More than a year after a ceiling collapse at a landmark Washington Heights subway station, riders are frustrated with a reconstruction project they feel has gone on too long and caused too much of a mess. NY1's Transit reporter John Mancini filed the following report.
It's more than just a tight squeeze on the IRT platform at 181st Street. Waiting for the Number 1 train at one of the system's deepest stops puts pressure on all the senses.
"Not only is it hot down there, the smell of, like, the mold and the mildew, you could still smell it," says transit rider Sonia Neal. "The debris, there's always water dripping."
A year since service was restored after a ceiling collapse, the rehabilitation continues. This 1906 station is on the National Register of Historic Places, but today it is anything but pretty. Peeling paint and rust stains mar its mosaics and trash is piled behind construction barriers that dramatically narrow the platform.
"It's very dangerous because you have to walk very carefully and be aware of people when the train is coming," says transit rider James Gore.
Transit officials warn better conditions will not be coming soon. The height of the ceiling and the 120-feet depth of the station complicate the job. Just last month, consultants were first able to judge the condition of the brick archwork, so only now can they look to set a timetable for completion.
Still, elected officials say fixes have been delayed too long by the Metropolitan Transportation Authority at the 1 line station and the nearby A line stop at 181st Street and Fort Washington Avenue. At the latter, a booth has been closed and an escalator that was damaged by mechanical failure in May is still out.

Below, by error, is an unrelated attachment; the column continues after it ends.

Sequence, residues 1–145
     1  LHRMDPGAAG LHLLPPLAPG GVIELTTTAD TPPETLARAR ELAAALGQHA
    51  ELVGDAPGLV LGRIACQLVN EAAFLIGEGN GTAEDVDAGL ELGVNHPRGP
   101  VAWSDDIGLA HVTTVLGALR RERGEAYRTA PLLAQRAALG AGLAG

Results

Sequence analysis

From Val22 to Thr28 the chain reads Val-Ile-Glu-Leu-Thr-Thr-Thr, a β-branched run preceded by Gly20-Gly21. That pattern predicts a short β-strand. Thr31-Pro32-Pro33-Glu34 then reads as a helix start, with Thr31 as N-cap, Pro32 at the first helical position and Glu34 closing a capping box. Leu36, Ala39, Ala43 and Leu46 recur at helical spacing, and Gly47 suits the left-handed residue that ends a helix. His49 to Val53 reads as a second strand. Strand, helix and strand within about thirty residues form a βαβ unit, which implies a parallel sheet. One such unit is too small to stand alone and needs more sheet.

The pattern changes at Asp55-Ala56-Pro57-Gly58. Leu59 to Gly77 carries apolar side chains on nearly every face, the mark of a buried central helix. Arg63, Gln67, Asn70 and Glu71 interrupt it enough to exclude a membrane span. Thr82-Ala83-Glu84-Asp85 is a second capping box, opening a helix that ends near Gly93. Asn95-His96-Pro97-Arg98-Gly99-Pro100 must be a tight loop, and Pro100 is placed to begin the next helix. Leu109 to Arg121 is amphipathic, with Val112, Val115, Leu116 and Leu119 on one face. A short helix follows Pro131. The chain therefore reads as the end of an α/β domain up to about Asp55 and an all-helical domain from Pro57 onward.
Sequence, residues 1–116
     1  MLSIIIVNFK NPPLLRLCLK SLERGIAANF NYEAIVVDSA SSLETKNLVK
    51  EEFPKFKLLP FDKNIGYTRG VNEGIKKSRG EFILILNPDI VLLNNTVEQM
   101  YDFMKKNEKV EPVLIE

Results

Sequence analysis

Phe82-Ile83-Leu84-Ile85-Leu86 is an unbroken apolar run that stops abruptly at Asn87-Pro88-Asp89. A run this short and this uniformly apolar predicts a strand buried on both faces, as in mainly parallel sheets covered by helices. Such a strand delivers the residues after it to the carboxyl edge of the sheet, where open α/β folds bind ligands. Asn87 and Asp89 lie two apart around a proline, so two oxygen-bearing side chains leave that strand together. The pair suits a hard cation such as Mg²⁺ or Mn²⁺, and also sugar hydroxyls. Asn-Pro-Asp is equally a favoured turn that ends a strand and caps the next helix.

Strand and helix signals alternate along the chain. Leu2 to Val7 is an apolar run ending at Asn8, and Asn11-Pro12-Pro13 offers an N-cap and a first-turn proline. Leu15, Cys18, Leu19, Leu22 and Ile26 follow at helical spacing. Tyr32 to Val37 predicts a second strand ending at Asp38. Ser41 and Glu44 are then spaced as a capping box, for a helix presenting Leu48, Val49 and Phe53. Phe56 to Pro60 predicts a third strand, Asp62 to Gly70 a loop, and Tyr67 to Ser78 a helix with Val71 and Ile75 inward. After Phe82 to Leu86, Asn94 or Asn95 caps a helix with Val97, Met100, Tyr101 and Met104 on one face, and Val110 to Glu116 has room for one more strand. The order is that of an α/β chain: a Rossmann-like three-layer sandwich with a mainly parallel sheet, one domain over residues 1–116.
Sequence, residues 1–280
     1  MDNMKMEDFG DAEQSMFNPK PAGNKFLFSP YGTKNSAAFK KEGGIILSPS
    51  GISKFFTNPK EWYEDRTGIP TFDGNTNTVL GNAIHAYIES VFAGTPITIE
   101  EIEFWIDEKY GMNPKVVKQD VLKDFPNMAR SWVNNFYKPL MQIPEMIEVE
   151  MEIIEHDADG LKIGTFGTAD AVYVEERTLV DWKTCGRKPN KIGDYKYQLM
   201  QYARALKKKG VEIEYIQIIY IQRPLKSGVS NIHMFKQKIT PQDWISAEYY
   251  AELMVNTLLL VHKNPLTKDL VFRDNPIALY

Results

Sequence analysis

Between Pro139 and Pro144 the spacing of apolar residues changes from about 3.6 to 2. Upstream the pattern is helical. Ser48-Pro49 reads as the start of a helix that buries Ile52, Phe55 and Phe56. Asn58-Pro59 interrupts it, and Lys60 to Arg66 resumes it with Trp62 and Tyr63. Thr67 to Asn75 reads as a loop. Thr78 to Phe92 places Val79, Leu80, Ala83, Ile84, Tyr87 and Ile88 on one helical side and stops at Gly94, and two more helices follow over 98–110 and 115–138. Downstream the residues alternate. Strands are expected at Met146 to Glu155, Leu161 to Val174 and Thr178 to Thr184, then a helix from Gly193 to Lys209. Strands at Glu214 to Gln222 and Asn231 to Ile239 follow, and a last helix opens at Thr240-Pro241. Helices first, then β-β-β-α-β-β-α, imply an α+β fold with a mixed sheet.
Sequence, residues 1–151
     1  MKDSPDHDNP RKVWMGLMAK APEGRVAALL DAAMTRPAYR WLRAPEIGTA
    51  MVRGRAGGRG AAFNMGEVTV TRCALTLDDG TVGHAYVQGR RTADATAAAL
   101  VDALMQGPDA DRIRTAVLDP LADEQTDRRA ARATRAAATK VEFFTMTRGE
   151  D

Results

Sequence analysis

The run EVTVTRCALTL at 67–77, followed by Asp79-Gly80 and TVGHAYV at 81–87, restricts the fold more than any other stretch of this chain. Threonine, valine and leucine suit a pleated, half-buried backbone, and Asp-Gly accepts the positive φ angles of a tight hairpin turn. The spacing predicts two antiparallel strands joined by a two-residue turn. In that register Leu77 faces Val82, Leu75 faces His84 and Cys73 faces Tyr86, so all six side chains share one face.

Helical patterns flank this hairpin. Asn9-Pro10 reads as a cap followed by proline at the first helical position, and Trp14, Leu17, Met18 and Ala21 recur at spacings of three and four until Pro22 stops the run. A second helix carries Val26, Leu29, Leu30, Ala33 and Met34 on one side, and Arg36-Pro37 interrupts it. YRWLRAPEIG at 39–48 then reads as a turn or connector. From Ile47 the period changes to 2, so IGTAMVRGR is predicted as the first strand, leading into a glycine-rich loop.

"We want some accountability from the MTA. We know that they're getting more revenues. We want to see these revenues applied," said Manhattan Assemblyman Adriano Espaillat.
The Number 1 stop has gotten so bad that some riders say they go out of their way to use others. If they venture five blocks to the A stop, the challenge is reaching platforms eight flights from the street. Transit officials say the broken escalator will not be back in service until mid-October at the soonest.
When the escalators are not working, riders face a dizzying number of flights of stairs to ascend or descend.
"If that happens, I walk to the other end, because I'm not willing to walk all the stairs," says transit rider Jose Rivera.
The other end, with a staffed booth and elevator service, is a three-block walk just above the station's tracks. It's a bridge too far for weary riders, and just another reminder of the underground trouble spanning the neighborhood.